Over the last couple weeks, we've had some interesting security challenges here at my company. Policy compliance has been keeping me busy, and if that weren't enough, we've been having more fun with viruses.

I've developed a bunch of security policies, and have had good success with getting executive sign-off. That's the good news. But rolling out new security policies can be a challenge because they represent change, and change can be hard for companies. Fortunately, many of the things our policies say are things we are already doing, but there are some things that we will need new tools, technologies or processes to do.

One change that is particularly controversial is an automated screen lock on our Windows systems. I know what you're thinking: How could that be controversial? Isn't it something that everybody does? Not in my company. Here, people aren't used to having to type in a password when they want to use their computer. Now I'm telling them they will have to if they've left their computer unattended for 10 minutes. In my mind, that's plenty of time for someone casually walking by to gain access to anything on the computer. In fact, a few people in my company agree and have suggested that five minutes would be more appropriate. But others think 20 minutes is better, so 10 minutes is the compromise.

The main resistance is from our salespeople. They don't want their screens locking during PowerPoint presentations, fearing that the delay and inconvenience could cost sales. Personally, I think the lockout would make a good impression on customers, showing how diligent we are about security. But not everyone agrees. And in the Windows world, it's one setting for all users. It's not possible to make exceptions or to provide different settings for different groups, and it's also impossible to change or disable this setting while a PowerPoint presentation is in progress.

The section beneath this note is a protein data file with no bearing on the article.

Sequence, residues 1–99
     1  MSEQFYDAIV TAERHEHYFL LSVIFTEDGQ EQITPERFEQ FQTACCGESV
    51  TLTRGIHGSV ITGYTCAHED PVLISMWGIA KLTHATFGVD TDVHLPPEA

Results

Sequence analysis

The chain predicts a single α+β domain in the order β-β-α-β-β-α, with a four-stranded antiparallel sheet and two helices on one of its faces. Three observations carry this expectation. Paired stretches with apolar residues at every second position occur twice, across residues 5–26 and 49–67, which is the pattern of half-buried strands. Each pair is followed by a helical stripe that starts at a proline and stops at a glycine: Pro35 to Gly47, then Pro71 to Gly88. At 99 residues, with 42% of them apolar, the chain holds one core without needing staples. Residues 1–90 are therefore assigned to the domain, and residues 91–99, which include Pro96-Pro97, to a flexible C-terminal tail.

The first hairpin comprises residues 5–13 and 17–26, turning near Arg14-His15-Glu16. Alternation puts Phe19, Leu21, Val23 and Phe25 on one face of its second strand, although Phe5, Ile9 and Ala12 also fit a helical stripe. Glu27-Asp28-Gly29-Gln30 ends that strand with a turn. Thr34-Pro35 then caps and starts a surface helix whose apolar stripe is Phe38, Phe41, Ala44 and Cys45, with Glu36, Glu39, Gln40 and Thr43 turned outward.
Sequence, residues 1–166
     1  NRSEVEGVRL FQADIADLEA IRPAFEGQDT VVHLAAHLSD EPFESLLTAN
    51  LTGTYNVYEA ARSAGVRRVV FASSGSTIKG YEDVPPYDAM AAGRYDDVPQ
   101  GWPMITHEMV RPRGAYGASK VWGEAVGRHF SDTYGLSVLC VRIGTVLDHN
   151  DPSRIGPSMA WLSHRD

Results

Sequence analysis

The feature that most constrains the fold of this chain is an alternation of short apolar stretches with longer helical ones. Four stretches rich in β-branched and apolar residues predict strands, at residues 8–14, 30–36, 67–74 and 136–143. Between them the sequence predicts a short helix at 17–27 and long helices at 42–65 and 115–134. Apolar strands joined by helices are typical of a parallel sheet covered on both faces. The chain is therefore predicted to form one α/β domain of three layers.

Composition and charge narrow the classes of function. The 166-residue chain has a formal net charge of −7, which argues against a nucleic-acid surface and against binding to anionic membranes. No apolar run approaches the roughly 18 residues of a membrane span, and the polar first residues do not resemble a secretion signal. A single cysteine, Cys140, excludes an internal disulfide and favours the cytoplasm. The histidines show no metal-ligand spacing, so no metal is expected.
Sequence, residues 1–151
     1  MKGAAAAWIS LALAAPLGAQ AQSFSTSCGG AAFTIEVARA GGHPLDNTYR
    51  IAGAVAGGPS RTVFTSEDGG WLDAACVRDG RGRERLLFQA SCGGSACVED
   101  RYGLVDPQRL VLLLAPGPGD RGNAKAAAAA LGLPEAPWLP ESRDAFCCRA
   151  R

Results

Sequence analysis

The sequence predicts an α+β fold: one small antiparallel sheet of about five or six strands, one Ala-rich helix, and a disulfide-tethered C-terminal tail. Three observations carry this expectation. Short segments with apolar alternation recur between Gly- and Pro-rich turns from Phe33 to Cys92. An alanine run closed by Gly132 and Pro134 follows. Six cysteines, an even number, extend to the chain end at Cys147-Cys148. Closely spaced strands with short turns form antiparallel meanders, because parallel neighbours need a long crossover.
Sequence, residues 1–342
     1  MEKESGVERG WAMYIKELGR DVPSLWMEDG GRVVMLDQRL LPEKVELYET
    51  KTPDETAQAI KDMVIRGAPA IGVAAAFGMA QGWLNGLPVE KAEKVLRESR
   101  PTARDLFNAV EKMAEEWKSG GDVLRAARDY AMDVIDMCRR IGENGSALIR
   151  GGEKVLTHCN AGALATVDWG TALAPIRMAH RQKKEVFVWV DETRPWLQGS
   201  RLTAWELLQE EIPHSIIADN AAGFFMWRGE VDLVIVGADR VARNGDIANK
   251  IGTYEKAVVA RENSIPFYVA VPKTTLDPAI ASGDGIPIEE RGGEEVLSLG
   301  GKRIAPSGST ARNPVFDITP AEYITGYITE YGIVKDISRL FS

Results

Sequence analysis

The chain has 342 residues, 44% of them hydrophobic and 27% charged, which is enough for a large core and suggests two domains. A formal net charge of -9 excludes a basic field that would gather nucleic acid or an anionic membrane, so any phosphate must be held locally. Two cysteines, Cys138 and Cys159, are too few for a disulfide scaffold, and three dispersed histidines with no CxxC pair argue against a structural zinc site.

So, I'm moving forward with enforcing the 10-minute timeout policy, and we will have to deal with the difficulties. I prefer that my security decisions have a minimal negative impact on the business, but sometimes we have to make trade-offs. I guess the sales staff will just have to move the mouse once in a while.

I'm making a lot of progress here, but have been slowed down lately by viruses. I recently wrote about an outbreak of Conficker, which caused havoc on our computers. Since then, our IT team has made great progress in patching our end-user systems and making sure antivirus is installed and up to date everywhere. So, imagine my surprise when we got hit again - this time by a zero-day outbreak!

Despite having all Windows updates installed on our systems and fully updated antivirus software, we were hit by a new malware. Within a few hours it spread completely throughout our company and essentially caused work to stop entirely. This was really a worst case scenario. My team got on the phone with our antivirus company's support line to ask for help but got stuck on hold for three hours before reaching an engineer.

We had to submit samples of the malware to the vendor's website, but they could only promise a 48-hour turnaround for a signature update that would solve our problem. In the end, we got our update in about 24 hours, but we were still down for a day and a half before the outbreak was fully cleaned.

I wish I could learn something from this experience, but the only thing I can think of is: Don't get hit by a zero-day outbreak. And that looks like wishful thinking.